Pregnant Women in Japan Need ‘Herd-Immunity’ Protection
According to the Japan National Institute of Infectious Diseases (NIID), 135 new Rubella virus cases have been confirmed in the past week.
As of October 7, 2018, a total of 1,103 Rubella cases have been reported this year.
This number represents an 11x increase compared with 2017 when only 93 Rubella cases were confirmed by the NIID.
This Rubella outbreak began during July 2018, with the most cases reported in the Tokyo, Japan metropolitan area.
This is not good news for pregnant women in Japan, says the Japan Times.
"Congenital rubella syndrome (CRS) can be a devastating congenital birth defect, which is easily prevented by ensuring complete coverage with the MMR vaccine," said Peter Hotez, MD, Ph.D., Dean, National School of Tropical Medicine, Baylor College of Medicine, and author of Vaccines Did Not Cause Rachel's Autism.
“We need to keep monitoring the situation carefully to see if it will develop into a major epidemic,” Japan health minister Takumi Nemoto said, reported Japan Times.
Nemoto also said the health ministry ‘will urge women who want to get pregnant to undergo a rubella antibody test.’
The 2018 outbreak raises concern about the Rubella virus’s impact on unborn babies who could be infected by their mothers during pregnancy, said the NIID.
Previously, during the 2012-2013 rubella epidemic in Japan, which saw more than 16,000 confirmed cases, 45 babies developed congenital rubella syndrome and 11 of them died, reports the US Centers for Disease Control and Prevention (CDC).
To prevent serious health repercussions arising from the contagious disease, which is often transmitted through coughing and sneezing, vaccinating people around pregnant women is important, according to the institute.
When enough people are vaccinated against a certain disease, the entire community is less likely to get the disease.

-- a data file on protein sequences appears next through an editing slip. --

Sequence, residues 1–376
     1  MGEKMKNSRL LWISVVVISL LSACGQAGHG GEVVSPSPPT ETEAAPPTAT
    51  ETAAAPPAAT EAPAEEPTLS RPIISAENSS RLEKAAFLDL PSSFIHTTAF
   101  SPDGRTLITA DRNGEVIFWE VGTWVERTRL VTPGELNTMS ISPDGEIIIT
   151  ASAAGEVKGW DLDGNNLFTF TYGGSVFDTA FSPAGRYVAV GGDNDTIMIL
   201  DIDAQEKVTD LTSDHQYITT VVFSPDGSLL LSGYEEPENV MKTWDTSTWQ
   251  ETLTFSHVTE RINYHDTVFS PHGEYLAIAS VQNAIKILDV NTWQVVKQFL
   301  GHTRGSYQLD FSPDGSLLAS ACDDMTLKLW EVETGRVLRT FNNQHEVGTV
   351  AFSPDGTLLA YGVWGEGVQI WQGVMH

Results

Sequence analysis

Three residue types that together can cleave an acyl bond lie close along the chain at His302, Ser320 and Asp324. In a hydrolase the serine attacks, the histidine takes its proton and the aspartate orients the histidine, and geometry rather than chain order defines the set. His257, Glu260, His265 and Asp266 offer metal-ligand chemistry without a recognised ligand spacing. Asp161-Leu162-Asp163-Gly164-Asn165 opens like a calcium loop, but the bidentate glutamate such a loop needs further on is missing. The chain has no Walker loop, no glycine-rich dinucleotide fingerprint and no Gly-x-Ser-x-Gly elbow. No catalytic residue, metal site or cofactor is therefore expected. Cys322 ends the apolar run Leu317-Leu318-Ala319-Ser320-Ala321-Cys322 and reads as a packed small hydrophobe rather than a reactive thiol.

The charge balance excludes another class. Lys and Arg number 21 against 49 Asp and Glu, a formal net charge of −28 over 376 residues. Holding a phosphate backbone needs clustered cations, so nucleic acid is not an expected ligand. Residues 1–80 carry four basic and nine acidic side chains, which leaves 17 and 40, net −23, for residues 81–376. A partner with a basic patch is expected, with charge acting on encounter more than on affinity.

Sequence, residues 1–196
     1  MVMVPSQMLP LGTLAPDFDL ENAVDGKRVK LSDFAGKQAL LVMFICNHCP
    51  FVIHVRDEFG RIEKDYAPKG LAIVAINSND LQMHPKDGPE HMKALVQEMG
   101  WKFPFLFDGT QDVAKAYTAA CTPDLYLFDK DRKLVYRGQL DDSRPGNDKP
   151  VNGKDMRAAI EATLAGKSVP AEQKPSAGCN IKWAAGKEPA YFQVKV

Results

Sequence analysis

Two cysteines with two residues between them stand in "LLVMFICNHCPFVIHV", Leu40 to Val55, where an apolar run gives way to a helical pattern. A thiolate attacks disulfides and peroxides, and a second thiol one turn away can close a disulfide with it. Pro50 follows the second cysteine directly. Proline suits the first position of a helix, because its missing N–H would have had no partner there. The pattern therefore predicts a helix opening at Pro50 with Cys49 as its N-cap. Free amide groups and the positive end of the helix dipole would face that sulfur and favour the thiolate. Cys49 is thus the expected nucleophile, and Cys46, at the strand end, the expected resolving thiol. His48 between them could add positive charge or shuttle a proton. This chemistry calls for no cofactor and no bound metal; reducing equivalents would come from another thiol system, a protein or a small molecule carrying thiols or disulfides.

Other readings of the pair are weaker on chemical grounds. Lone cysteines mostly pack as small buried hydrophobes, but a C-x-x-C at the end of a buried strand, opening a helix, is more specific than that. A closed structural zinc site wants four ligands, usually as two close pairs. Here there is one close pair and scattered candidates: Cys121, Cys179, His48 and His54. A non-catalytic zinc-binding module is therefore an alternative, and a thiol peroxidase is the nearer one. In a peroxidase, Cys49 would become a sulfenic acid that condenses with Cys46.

That means even people who can’t get vaccinated will have some protection from getting sick.
This is called ‘herd-immunity’.
Women who are already pregnant cannot be inoculated as the vaccine itself may have a negative impact on the child, says the CDC.
If a woman needs to get vaccinated for rubella, they should avoid becoming pregnant until 1 month after receiving the MMR vaccine and, ideally, not until your immunity is confirmed by a blood test.
Before rubella vaccines became available in the USA during 1969, most rubella cases occurred among school-age children. By 1977, vaccination of children greater than or equal to 12 months of age had resulted in a marked decline in the reported rubella incidence among children, says the CDC.
The CDC says best protection against rubella is MMR (measles-mumps-rubella) vaccine.
In the USA, 2 approved Rubella vaccines are available, MMR-II and ProQuad.
The CDC Vaccine Price List provides the private sector vaccine prices for general information.
And, MMR vaccine discounts can be found here.
Additionally, as of October 19, 2018, the CDC had not issued a Travel Alert for Japan.
International travelers can request a vaccine appointment with a pharmacy at Vax-Before-Travel.
Vaccines, like any medicine, can have side effects. You are encouraged to report negative side effects of vaccines to the FDA or CDC.